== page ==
rev-dr-walter-t-richardson_web.jpgOne of my favorite books of the Christian Bible is Psalms. When I was the senior pastor of Sweet Home Baptist Church in Perrine, South Miami-Dade, there were summers when I preached exclusively from this book. Every imaginable emotion from happiness to anger to despair can be found in the pages of this Old Testament hymnal.

What I find refreshing in the message of Psalm 46 is that although pain, problems and perplexities are real, God’s presence is just as real. God is our refuge even in the midst of trials, troubles and tribulations. So when troubles come, this psalm reminds us to retreat to our refuge. This particular passage served as inspiration for Dr. David Jeremiah, powerful television minister and the author of A Bend in the Road, when he was diagnosed with cancer in 1999. My brother, the Rev. Alfred J. Richardson, recommended Jeremiah’s book to me when I was diagnosed with cancer in 2003. After reading that book, I immediately retreated to my refuge. Why? Because I realized afresh that God is an awesome, ageless and accessible refuge in times of trouble.

But not only did I retreat to my refuge. I also was reminded by this psalm that when troubles come to us, we have to rediscover our strength. While God is working externally, there is also some work going on internally. If we have a personal relationship with the Almighty, there is a secret power within us. There is a river flowing deep inside of us. And, there is also a sacred presence within us.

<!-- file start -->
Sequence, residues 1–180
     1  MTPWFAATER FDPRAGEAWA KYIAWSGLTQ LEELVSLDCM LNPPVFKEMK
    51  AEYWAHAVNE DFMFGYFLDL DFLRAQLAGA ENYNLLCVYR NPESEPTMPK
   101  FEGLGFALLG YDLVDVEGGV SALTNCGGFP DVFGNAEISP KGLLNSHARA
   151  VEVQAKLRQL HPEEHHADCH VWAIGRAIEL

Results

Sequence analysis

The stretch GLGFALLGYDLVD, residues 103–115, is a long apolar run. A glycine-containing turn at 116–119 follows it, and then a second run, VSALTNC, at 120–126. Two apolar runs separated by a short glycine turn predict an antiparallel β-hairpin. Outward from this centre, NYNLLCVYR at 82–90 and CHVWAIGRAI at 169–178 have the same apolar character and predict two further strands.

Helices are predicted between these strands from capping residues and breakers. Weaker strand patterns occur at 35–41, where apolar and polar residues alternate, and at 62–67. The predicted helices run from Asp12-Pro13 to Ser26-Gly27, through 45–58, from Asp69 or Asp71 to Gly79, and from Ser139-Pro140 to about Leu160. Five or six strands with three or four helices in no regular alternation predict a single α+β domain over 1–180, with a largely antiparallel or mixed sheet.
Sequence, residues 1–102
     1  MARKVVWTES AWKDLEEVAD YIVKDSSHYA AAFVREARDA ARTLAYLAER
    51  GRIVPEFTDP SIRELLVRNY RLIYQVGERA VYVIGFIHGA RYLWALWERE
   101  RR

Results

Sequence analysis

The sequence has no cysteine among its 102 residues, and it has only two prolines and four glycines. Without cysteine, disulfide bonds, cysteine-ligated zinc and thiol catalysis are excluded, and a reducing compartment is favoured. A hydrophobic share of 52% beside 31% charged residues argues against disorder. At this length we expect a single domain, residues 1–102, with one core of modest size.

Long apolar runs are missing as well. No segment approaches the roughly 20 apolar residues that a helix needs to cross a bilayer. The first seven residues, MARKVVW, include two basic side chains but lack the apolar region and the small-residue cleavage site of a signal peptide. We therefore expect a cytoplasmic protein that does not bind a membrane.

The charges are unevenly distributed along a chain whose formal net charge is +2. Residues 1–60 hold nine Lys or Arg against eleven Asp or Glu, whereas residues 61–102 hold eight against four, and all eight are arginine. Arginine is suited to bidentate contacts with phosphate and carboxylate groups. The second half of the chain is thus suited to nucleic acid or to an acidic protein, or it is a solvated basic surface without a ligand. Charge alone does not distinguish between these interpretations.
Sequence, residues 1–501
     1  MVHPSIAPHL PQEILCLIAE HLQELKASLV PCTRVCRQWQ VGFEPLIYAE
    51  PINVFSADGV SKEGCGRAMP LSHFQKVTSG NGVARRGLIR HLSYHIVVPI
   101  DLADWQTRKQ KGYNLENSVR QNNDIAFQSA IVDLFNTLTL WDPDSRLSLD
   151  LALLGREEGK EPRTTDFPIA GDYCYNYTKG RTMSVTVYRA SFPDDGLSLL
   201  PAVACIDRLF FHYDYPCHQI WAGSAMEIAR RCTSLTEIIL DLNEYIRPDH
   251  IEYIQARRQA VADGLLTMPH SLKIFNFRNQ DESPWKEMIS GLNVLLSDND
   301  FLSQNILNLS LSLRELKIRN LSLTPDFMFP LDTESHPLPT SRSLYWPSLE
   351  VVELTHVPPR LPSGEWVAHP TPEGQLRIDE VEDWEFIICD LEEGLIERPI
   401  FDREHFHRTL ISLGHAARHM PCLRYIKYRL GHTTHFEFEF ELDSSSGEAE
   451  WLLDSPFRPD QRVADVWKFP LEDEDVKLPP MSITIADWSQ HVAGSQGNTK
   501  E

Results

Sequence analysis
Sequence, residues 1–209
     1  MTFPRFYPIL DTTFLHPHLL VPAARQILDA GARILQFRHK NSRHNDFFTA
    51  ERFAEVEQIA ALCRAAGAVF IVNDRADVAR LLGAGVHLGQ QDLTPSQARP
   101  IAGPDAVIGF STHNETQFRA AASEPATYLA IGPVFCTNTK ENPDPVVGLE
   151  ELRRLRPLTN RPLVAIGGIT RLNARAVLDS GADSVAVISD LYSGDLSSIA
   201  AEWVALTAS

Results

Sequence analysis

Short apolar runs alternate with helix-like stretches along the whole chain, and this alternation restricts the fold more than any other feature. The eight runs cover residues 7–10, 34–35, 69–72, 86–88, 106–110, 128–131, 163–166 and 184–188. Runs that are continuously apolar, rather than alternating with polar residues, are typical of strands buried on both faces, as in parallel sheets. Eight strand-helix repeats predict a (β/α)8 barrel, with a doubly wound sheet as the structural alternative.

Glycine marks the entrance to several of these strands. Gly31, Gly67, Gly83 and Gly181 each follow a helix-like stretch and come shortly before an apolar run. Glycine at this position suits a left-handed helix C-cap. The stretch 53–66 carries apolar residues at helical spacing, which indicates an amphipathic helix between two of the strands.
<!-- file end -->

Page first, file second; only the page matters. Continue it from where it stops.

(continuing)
In light of the natural disasters over the past years: Hurricane Katrina, tsunamis, and earthquakes that have taken the lives of thousands around the world, there is an ever-present anxiety that comes from a sense that nothing is predictable, stable or sure.  Yet, in the midst of these catastrophic events, we hear story after story of survivors, who refused to be moved by their circumstances.

Such should be the case in the lives of God’s people when violent storms blow through our lives like hurricanes, when our finances are personal tsunamis or our relationships quake at their very foundations.  Dr. Katurah Jenkins Hall, psychologist and professor at the University of South Florida, asks, “How can we find peace and the courage to pray, praise, and persevere?” She answers her own question: “There is a river in you that quietly flows through the crevices of wreckage, the cracks of rubble, and into the crannies of the lowest valleys of your life. God is in the midst of her and she shall not be moved. That river is the presence of the Holy Spirit.”

So, regardless of the chaos around you, allow the streams of that river to flow through your circumstances and give you peace — the peace of His presence, the peace of His protection, and the peace of His promise to assist.  There is a river in you — so, be still and know that God is present.